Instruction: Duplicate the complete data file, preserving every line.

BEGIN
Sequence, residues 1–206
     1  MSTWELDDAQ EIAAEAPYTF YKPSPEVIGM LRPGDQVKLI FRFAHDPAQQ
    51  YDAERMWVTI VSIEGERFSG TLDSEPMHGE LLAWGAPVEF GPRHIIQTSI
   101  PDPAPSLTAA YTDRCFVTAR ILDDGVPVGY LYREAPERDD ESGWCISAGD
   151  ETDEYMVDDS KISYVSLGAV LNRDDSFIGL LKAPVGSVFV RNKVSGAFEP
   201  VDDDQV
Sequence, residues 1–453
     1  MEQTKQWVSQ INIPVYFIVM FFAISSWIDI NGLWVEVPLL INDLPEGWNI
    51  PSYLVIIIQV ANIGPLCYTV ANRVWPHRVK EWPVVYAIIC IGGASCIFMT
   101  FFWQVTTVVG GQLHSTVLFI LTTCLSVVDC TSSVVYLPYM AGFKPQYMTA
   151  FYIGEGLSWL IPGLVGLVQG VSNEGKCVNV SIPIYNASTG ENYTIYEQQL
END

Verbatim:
Sequence, residues 1–206
     1  MSTWELDDAQ EIAAEAPYTF YKPSPEVIGM LRPGDQVKLI FRFAHDPAQQ
    51  YDAERMWVTI VSIEGERFSG TLDSEPMHGE LLAWGAPVEF GPRHIIQTSI
   101  PDPAPSLTAA YTDRCFVTAR ILDDGVPVGY LYREAPERDD ESGWCISAGD
   151  ETDEYMVDDS KISYVSLGAV LNRDDSFIGL LKAPVGSVFV RNKVSGAFEP
   201  VDDDQV
Sequence, residues 1–453
     1  MEQTKQWVSQ INIPVYFIVM FFAISSWIDI NGLWVEVPLL INDLPEGWNI
    51  PSYLVIIIQV ANIGPLCYTV ANRVWPHRVK EWPVVYAIIC IGGASCIFMT
   101  FFWQVTTVVG GQLHSTVLFI LTTCLSVVDC TSSVVYLPYM AGFKPQYMTA
   151  FYIGEGLSWL IPGLVGLVQG VSNEGKCVNV SIPIYNASTG ENYTIYEQQL